[Melbourne-pm] overloading 'print'
mathew.robertson at netratings.com.au
Fri Mar 17 00:07:03 PST 2006
>> Does anone know how to overload 'print'?
> The short answer is that you can't. Print isn't one of Perl's overloadable
> functions. (The reason is that the syntax is special cased. You cannot make a
> user function with the same prototype.)
ok - I'm guessing this is because print can take a filehandle as the
first argument ?
> The longer answer is that you can... if you use IO::File and its print method.
> Then you can just subclass IO::File, and mask the print method to do what you need.
> The other non-overridable functions are listed in receipt 12.11 in the Perl
> Cookbook (1st Edition). Basically, if the keyword function in toke.c returns a
> negative number, then that function can't be overridden.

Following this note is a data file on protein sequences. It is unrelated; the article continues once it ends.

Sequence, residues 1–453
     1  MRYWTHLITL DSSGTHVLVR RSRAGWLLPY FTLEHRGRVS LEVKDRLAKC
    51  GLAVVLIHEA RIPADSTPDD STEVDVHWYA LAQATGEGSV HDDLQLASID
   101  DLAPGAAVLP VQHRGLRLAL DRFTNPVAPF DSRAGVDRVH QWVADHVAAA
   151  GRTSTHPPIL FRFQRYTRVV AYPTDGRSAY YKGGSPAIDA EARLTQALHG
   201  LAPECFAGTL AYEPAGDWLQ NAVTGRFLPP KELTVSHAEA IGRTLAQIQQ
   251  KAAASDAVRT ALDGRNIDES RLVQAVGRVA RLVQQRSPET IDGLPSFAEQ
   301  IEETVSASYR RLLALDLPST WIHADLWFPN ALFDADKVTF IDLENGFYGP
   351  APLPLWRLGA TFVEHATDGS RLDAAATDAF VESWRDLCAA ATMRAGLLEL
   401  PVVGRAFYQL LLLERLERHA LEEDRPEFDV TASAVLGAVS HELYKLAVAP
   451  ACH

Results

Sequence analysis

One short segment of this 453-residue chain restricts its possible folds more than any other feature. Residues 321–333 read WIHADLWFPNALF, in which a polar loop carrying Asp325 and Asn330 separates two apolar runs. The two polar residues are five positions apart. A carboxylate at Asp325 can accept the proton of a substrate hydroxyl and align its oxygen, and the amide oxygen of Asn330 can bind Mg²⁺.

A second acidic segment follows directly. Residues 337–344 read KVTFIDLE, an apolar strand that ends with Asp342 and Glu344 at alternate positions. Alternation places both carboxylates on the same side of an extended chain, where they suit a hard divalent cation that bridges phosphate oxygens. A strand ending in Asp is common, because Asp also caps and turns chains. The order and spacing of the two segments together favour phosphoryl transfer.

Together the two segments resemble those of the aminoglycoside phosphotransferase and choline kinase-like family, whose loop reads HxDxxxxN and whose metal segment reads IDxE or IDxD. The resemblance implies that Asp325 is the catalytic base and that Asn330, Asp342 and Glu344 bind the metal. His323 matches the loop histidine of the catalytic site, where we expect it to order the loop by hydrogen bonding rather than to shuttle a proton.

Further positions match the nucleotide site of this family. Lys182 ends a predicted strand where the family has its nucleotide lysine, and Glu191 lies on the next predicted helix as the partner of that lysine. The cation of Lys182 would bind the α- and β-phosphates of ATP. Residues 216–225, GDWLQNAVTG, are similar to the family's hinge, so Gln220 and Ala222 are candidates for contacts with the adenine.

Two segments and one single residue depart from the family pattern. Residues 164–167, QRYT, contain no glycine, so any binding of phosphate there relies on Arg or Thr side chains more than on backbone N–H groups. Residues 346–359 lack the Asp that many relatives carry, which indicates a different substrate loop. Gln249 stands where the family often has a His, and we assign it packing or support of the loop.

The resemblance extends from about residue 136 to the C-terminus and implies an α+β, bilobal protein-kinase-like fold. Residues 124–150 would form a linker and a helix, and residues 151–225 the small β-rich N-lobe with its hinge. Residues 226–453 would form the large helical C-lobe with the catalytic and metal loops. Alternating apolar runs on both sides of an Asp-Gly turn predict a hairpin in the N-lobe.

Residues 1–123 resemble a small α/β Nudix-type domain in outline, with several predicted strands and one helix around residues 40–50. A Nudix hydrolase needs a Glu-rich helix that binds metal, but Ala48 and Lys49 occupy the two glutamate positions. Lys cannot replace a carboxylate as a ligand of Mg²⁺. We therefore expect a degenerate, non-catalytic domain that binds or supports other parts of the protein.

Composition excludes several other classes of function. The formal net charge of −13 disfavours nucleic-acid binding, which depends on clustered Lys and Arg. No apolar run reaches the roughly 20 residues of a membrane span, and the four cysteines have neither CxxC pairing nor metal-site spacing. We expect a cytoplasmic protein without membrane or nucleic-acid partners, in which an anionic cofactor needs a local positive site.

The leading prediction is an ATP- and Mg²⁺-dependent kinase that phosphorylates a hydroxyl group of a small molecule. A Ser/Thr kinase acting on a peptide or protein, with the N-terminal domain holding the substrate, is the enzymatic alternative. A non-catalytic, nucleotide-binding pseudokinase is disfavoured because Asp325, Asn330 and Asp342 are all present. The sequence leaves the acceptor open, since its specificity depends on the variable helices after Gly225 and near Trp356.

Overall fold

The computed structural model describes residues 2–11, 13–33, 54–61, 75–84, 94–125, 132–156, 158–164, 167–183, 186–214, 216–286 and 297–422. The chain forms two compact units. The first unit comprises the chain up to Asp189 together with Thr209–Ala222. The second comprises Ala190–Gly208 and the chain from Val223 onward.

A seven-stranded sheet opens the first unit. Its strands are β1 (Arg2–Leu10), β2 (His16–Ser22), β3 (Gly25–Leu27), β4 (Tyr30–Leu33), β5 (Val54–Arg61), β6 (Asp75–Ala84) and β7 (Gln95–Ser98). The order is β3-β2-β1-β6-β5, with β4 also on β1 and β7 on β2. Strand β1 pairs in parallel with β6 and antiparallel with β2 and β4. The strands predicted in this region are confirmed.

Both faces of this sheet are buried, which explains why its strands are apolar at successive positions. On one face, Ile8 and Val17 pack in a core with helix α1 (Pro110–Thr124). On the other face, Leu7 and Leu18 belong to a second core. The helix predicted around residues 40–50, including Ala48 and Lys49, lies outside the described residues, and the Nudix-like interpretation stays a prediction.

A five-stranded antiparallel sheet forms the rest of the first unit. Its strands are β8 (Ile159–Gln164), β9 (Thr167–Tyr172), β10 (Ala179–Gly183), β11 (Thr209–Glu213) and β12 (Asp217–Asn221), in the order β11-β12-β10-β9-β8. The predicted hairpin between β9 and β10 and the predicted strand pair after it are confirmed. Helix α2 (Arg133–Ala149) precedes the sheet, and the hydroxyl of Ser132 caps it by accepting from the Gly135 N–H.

ok - thats a bit complicated. Any ideas on the implementation of the
sub-class of IO::File ?
ASIDE: The reason for wanting to override 'print' is... I have built a
language translation module (Locale::MakePhrase) which works quite well
- now I am working on simplifying its usage so that it can be used
within applications more easily. eg:
Currently if I want to print out a string translated (to say Chinese), I
would code something like:
my $mp = Locale::MakePhrase->new(language => 'zn_ch', ....);
print $mp->translate("Some text to translate");
thus to use the module within your application, would require the
application code to modified to support the L::M syntax. What I would
like to do is extend L::M to override 'print' so that the code becomes
use Locale::MakePhrase qw(print);
Locale::MakePhrase->new(language => 'zn_ch',...);
print "Some text to translate";
Thus with two simple lines at the top of the application, you
automagically get all of the translation facilities. If you choose to
use a different translation tool, you simply change those two lines -
thus saving you from having to re-code your app for the new API.
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